A Qualitative Study of Malaysian Parents’ Purchase Intention of Functional Weaning Foods using the Theory of Planned Behavior
Mohamad, Hajar; Mirosa, Miranda; Bremer, Phil; Oey, Indrawati
In this study, qualitative research methods were used to explore the behavioral, normative, and control beliefs underpinning parents’ decisions to purchase functional weaning food products.Seven focus groups were conducted with 44 parents in two locations in Malaysia (Sabah and Selangor). Based on the Theory of Planned Behavior theoretical framework, participants were prompted with questions about commercial weaning foods including functional weaning foods and shown several different products to stimulate discussion. Important behavioral beliefs (product attributes, babies’ needs and suitability of the product, perceived healthiness), referrals and influences (family and friends’ opinions and experiences, internet and social media influence, health professionals’ recommendation and advice) and facilitating and inhibiting factors (trust and confidence, brand and cost, and product availability and options) were identified. Overall functional weaning food purchase intention was influenced positively and negatively by behavioral, normative and control beliefs. To increase the awareness and commercial product knowledge on weaning food are suitable for their children, more information on functional weaning food products from reliable sources that can reach the parents and other potential customers is needed. Government, health professionals and manufacturers should work together to develop a better way to inform parents about functional weaning foods.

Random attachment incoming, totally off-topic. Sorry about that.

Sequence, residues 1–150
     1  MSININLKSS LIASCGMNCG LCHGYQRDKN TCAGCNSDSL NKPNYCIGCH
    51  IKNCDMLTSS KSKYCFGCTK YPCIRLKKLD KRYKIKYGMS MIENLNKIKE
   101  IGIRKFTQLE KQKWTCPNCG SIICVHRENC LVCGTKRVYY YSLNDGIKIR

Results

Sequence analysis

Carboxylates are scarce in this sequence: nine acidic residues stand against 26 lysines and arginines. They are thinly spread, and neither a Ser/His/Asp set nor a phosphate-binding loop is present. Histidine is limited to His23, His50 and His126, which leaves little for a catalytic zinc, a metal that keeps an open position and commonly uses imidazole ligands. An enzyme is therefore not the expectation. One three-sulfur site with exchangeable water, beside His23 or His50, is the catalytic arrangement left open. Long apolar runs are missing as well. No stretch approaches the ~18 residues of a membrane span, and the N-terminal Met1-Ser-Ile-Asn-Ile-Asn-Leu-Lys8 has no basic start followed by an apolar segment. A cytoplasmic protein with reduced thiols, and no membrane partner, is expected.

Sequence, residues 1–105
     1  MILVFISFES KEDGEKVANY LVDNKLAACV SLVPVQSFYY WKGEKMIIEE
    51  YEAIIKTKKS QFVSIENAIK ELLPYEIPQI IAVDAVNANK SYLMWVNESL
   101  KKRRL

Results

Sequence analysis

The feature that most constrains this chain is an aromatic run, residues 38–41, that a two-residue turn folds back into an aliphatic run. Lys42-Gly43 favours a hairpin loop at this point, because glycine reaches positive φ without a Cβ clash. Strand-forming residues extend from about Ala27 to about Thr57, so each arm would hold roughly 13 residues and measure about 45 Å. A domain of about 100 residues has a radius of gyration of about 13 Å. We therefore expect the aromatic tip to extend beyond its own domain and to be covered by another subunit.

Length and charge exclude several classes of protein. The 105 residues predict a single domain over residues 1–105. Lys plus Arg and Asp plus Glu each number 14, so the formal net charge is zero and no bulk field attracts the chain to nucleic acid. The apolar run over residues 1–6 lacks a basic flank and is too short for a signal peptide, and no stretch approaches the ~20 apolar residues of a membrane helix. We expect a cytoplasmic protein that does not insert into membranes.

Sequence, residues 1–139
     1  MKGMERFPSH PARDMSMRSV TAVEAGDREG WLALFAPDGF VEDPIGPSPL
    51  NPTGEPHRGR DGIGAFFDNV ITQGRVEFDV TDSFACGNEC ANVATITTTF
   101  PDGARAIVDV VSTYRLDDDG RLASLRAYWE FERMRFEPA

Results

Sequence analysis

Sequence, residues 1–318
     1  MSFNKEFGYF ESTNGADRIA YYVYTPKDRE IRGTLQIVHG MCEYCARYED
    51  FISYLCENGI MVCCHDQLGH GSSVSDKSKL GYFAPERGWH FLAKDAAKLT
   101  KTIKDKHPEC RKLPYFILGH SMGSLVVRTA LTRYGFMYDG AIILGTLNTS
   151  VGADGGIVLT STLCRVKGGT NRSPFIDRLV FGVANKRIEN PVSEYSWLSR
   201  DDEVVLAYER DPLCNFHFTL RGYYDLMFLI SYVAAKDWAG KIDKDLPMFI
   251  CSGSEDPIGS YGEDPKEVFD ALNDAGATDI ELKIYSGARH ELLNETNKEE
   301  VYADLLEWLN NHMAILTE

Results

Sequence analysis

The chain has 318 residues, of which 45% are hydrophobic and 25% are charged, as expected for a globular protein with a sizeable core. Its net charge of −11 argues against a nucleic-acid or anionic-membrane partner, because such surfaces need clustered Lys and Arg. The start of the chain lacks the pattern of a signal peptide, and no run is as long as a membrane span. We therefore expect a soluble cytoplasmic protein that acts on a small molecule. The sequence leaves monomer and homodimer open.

Rights Statement: https://doi.org/10.1080/10454446.2018.1512919
Keywords: Functional weaning food; Focus group; Malaysia; Theory of planned behaviour
Research Type: Journal Article